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SUMMER YOUTH SPORTS ON THE CHOPPING BLOCK IN COLORADO

Usually by the beginning of June the ballfields in Eads and across the area are lit up and teams of all ages and genders have been playing summer baseball, softball and tee ball for at least half a month. The night lights of summer ball is a wonderful site to behold in the small towns across eastern Colorado as children are learning how to compete, get along on the field, and learning how to win---and how to lose.

However, this year---at least so far---children in Colorado are just learning how to lose. As in lose their programs and lose their summer ball season to the continued restrictions set out by the State of Colorado health department as they relate to the COVID-19 pandemic that has virtually frozen the country for months.

As we begin to come out of the quarantine that we all were forced to endure, many services and businesses are opening up. But for the children, that process has not come to fruition and may not, according to the health department, at all this summer.

Last Thursday, the Eads Summer Ball Association leadership met to see what could be done in order to get the softball and baseball leagues up and running. However, inquiries to the local health department indicated that Colorado was not ready for organized summer youth sports. The Eads board decided to see what will happen in the next week or two, but their frustration level is at an all-time high with the restrictions that continue to plague our children.

In Fort Collins, Dave King the founder of Triple Crown Softball, and his crew are trying to prove to the state health department that the youth of Colorado and their fans can handle a variance plan that might allow them to play ball. The plan is called Return to Play and is quite elaborate in the safeguards it lays out for its players, umpires, coaches and fans.

King and his group invited the Larimer County Health Department and the head of the CDPHE to observe their plan in action last Thursday asking for feedback as well as permission to start playing competitive ball. The plan has five main components including the following:

  1. Healthy Entry – requires the coaches and grounds staff to put up signage, mark walkways, mark social distance stop points, and check the health of every person who comes through the gate.
  2. Contact Tracing – Teams, tournament directors, and facility directors will be required to keep a database of emails, phone numbers, and addresses of all people who they work with as it pertains to playing ball.
  3. Distancing – All areas of the field and fan seating section and dugout will have to be marked for social distancing. Color coding will indicate to fans where to sit. No mound meetings, no team post game lines, no more than two in the dugout area at one time, umpire will be distanced six feet behind the plate or 12 feet behind the pitching circle.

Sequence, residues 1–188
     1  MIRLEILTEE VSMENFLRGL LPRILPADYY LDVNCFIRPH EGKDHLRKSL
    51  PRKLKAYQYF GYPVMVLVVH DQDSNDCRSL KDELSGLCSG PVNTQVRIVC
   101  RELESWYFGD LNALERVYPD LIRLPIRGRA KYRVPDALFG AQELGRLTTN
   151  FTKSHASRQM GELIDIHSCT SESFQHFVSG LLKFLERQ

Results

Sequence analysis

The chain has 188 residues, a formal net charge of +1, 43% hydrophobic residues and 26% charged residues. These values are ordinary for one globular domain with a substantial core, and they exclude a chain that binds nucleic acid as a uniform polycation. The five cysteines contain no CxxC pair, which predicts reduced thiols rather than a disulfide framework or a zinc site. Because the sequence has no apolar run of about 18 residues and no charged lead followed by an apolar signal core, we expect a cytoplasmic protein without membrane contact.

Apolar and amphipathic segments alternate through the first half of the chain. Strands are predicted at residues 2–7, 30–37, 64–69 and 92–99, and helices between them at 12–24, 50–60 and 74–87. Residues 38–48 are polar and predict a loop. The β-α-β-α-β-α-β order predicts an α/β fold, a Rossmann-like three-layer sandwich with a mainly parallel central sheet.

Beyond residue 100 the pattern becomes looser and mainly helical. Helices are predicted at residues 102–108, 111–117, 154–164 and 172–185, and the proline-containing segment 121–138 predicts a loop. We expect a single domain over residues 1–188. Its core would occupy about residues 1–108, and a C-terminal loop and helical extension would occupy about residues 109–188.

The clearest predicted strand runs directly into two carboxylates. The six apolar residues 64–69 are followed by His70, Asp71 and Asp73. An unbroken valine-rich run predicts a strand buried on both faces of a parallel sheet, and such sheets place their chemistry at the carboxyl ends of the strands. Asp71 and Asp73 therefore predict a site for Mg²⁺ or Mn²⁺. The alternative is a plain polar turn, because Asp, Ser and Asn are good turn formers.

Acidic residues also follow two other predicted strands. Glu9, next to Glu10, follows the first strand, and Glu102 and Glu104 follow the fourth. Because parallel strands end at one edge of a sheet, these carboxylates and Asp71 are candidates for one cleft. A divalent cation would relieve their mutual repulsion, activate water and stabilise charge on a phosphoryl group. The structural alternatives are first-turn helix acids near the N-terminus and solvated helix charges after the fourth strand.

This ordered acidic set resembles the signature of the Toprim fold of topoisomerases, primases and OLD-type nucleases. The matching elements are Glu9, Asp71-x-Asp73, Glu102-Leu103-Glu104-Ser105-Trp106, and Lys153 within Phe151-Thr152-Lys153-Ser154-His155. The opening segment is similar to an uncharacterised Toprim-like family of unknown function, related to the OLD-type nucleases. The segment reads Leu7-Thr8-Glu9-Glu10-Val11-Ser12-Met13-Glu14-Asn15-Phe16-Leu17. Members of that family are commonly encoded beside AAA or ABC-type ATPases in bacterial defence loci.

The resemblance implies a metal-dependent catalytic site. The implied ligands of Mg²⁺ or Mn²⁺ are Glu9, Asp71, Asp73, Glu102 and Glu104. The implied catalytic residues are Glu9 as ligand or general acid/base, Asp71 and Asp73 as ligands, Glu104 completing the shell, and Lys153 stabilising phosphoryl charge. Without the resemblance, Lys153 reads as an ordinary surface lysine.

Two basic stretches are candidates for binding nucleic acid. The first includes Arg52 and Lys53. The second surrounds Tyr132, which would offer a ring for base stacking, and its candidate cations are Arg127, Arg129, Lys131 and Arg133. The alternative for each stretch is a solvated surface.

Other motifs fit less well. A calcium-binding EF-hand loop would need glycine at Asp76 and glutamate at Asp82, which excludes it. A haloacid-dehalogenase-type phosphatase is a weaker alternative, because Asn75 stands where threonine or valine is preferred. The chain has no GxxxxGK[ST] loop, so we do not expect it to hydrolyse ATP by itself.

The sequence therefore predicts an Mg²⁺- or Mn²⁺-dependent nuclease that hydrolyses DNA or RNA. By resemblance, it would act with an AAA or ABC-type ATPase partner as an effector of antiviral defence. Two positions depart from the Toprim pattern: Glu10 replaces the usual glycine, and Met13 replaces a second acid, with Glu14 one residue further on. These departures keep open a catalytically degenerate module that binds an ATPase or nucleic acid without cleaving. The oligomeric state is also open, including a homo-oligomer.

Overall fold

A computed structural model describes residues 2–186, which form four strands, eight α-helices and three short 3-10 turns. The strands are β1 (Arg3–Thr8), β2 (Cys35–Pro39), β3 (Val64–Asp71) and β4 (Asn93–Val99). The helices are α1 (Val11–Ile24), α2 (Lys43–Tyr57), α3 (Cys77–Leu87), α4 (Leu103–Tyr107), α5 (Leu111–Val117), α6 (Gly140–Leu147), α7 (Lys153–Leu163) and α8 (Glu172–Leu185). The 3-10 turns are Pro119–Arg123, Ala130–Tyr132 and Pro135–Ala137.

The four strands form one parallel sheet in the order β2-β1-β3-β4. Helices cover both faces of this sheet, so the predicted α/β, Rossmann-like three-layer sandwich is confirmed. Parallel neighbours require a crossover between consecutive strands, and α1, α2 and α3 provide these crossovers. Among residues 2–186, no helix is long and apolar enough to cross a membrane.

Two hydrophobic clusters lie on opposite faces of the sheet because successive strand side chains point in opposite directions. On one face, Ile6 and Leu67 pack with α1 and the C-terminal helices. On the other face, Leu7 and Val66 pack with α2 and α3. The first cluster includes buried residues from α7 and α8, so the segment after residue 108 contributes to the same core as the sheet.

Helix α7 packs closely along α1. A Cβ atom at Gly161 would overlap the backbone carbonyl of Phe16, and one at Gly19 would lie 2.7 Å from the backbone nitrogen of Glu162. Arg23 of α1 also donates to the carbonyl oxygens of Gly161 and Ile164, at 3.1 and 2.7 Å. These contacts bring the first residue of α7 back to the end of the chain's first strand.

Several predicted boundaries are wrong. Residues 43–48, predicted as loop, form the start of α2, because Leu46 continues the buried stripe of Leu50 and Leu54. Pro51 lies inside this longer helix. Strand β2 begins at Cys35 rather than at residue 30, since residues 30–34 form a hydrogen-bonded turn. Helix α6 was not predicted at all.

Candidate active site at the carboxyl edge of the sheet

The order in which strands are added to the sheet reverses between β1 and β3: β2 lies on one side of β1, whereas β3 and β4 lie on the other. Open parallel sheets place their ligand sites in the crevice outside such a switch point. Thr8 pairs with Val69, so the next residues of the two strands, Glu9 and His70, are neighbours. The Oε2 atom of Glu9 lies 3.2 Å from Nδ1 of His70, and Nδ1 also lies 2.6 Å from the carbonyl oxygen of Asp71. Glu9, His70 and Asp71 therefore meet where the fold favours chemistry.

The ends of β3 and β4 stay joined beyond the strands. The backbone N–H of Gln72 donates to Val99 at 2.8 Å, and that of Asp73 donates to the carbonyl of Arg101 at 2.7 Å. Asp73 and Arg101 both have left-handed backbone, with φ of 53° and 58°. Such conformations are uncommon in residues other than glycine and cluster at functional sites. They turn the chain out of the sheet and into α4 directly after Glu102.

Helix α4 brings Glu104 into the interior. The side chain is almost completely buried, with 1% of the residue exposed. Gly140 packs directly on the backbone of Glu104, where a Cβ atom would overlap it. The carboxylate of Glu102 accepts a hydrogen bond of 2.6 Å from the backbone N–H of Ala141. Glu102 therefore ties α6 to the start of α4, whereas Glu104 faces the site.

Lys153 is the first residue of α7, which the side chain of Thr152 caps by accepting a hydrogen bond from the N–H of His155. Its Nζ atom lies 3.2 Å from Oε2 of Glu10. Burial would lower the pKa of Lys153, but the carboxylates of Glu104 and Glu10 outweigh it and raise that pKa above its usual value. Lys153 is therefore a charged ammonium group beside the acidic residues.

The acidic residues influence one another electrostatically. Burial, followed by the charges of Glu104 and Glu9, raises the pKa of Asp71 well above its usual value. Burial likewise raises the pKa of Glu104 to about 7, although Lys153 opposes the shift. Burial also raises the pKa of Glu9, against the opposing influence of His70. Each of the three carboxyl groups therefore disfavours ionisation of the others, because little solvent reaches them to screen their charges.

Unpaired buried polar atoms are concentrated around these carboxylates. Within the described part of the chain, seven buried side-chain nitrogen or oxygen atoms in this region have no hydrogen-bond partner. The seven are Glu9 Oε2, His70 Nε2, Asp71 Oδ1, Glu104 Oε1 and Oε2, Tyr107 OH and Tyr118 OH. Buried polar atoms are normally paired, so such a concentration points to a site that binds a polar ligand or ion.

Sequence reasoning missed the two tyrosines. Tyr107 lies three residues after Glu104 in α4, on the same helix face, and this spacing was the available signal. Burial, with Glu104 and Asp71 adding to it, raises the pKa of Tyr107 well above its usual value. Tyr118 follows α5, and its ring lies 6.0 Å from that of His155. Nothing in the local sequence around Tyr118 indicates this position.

4. Masks – All players, coaches, staff and umpires are required to wear masks at all times.
  5. Sanitation – Bats, balls, gloves, towels to be kept clean and sanitized. Spray bottle in the dugout. No sharing of equipment.

King acknowledges that these procedures have their draw backs. But he is willing to meet the health department halfway---really more than that---in order to get youth sports started in Colorado.

But, as it is for most situations, what can be done on the front range doesn’t work out in the sparsely areas of rural Colorado where volunteers is the name of the game and the lack of resources would never allow such a plan to occur successfully.

The Eads Summer Ball Association are aware of the attempts by Triple Crown to get the program up and running, but voted on Thursday to take a wait and see attitude hoping that as the summer progresses Triple Crown’s over-the-top plans will get some footing and variance plans for all the state’s youth can be made in a common sense manner.

Until then, the summer ball lights won’t be shining in the evenings, the sound of the umpire yelling, “Play ball!” is not being heard, and our children are left looking for something to do to occupy the long summer months ahead.

Reese Barnett hits a single up the middle to start Southern Plains' last at bat in the quarterfinals with the score tied 13-13. Barnett would eventually come around and score off an Aspen Nelson single.
Bailey Sierra was tough on the mound for Southern Plains 10U All-Stars defeating the Lamar 12U team twice in the tournament.
Aydn Hough gets a hit for the Eads Majors.
Summer 2020...

Photos by Ty Lin Williams

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